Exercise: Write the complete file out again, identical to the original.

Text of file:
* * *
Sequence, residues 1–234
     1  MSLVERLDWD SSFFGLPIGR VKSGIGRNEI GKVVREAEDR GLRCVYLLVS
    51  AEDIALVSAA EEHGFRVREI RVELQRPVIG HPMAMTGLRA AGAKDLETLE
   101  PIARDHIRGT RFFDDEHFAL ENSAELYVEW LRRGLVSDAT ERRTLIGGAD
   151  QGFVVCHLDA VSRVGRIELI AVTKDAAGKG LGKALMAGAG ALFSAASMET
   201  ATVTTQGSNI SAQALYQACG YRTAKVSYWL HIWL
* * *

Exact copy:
Sequence, residues 1–234
     1  MSLVERLDWD SSFFGLPIGR VKSGIGRNEI GKVVREAEDR GLRCVYLLVS
    51  AEDIALVSAA EEHGFRVREI RVELQRPVIG HPMAMTGLRA AGAKDLETLE
   101  PIARDHIRGT RFFDDEHFAL ENSAELYVEW LRRGLVSDAT ERRTLIGGAD
   151  QGFVVCHLDA VSRVGRIELI AVTKDAAGKG LGKALMAGAG ALFSAASMET
   201  ATVTTQGSNI SAQALYQACG YRTAKVSYWL HIWL